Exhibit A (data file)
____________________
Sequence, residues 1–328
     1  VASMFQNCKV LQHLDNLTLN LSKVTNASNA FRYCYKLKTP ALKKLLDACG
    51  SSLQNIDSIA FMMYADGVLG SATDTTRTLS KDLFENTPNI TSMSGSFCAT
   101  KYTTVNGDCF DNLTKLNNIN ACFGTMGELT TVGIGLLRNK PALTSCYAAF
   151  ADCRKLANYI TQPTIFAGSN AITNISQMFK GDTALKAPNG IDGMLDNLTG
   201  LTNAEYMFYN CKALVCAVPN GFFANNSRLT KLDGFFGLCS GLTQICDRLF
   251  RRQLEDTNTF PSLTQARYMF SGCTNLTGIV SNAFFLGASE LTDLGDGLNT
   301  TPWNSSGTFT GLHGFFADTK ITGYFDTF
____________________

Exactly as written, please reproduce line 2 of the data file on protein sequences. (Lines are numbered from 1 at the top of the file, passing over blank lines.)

     1  VASMFQNCKV LQHLDNLTLN LSKVTNASNA FRYCYKLKTP ALKKLLDACG